UOW

      85%

      33.3%

    • 3.4 The result therefore is that while UOW made an 85% inventive contribution, it owns only one third of the IP. This result is inequitable upon UOW and hence UOW would seek to obtain the inventors’ agreement on more equitable ownership proportions.
  • 4. Working with industry and investors
    • 4.1 A Student solely owning a component of IP or there being joint ownership between UOW and a Student, also impedes UOW’s ability to enter into agreements with potential licensees, collaborators, and investors such as venture capitalists.
    • 4.2 A potential licensee or collaborator will not expend considerable financial resources unless there is a clear, unencumbered and unfragmented title to IP. A venture capitalist in particular, when considering making a venture capital investment in a start up company, will invariably undertake a very rigorous due diligence on IP ownership. Most well informed licensees will also undertake a due diligence on ownership of IP in the course of considering the licensing opportunity.
    • 4.3 If UOW does not solely own all IP, such as where it is partly owned by Students, this will result in due diligence raising defects in title. This causes delay in a proposed transaction and can create unnecessary confusion. Due diligence defects such as fragmented ownership may cause a potential licensee, collaborator, or investor to be disinclined to proceed. The prospect of a licensee or investor having to negotiate with a Student may also cause a potential licensee, collaborator, or investor to be disinclined to proceed.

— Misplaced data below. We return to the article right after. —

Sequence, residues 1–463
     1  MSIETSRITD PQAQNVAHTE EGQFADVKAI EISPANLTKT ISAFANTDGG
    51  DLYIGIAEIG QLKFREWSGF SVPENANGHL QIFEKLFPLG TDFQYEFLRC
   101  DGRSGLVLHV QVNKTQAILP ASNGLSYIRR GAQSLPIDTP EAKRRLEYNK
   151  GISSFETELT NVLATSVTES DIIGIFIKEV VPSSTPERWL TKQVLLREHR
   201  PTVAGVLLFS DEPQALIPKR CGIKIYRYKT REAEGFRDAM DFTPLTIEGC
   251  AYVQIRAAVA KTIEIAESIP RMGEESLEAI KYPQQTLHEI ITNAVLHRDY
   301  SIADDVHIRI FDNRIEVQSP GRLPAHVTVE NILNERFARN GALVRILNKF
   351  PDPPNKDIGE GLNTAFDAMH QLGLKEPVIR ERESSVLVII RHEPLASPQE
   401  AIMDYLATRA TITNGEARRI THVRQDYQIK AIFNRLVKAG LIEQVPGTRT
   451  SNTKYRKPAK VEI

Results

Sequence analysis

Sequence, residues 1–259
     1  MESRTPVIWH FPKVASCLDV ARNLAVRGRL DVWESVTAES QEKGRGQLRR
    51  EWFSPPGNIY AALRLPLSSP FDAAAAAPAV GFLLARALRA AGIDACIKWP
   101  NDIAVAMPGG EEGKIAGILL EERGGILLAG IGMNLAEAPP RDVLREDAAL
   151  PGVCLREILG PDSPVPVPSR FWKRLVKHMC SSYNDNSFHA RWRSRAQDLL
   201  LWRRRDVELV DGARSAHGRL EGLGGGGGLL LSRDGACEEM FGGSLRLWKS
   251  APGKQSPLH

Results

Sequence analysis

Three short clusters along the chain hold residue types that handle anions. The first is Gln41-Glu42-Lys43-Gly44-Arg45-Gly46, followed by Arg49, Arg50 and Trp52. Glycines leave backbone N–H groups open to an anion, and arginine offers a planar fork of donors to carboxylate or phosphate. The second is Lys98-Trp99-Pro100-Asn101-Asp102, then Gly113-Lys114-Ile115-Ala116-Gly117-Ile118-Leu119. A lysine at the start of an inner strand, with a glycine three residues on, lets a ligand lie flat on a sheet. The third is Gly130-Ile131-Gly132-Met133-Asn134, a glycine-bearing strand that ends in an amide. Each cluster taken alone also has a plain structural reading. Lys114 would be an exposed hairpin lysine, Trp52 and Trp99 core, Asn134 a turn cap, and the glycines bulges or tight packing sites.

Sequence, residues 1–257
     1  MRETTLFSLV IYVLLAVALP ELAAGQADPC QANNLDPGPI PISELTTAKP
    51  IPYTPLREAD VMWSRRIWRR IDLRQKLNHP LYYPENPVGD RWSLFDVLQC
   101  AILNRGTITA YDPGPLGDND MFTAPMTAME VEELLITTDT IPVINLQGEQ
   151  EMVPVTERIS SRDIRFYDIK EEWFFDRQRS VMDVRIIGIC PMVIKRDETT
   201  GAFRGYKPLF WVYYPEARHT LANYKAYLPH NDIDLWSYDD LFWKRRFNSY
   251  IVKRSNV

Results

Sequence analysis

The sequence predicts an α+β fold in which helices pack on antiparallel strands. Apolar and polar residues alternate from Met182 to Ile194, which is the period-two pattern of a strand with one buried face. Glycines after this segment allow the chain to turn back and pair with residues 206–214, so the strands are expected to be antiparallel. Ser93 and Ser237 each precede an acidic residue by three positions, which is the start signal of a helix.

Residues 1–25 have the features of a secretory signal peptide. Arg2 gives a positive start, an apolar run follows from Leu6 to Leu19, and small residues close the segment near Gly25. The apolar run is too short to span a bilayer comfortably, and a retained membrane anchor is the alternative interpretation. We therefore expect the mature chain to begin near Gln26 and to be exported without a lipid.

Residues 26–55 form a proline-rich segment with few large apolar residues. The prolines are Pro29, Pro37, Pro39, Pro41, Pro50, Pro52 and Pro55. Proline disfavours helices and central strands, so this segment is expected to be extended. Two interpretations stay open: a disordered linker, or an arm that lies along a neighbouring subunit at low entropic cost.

• 5. Exposure to legal liabilities
    • 5.1 A licence or assignment invariably contains warranties, or promises, that UOW owns the IP that is being licensed or assigned.
    • 5.2 Consider the case where the IP is in fact owned w holly by another person, or partly owned by UOW and partly by another person, this can expose UOW to have to pay damages. UOW in fact had no title, or did not have the whole of the title, and therefore had no capacity to license or assign at all. This could lead to a breach of those warranties or promises regarding IP ownership. UOW can therefore have an exposure to legal liabilities if it does not wholly own the IP that is the subject of contractual obligations.
  • 6. Conclusion
    • 6.1 To remove these barriers to Commercialisation it is better that UOW owns the whole of the IP generated at UOW where it has a Commercialisation Expectation, on an unencumbered and unfragmented basis. In order for UOW to achieve unfragmented ownership, Students will be asked to assign to UOW their interest in IP that they develop at UOW. This is achieved by a Deed of Assignment.

5 Assignment of Intellectual Property by Students

  • 1. What is a Deed of Assignment
    • 1.1 A Deed of Assignment is a document by which IP is assigned, or transferred, from one person to another. A Deed of Assignment prevents the fragmentation of ownership of IP, and this in turn avoids the impediments to Commercialisation described above. The effect of a Deed of Assignment signed by a Student in favour of UOW is that UOW will own the whole of the IP in a project.
  • 2. Staff Deed of Assignment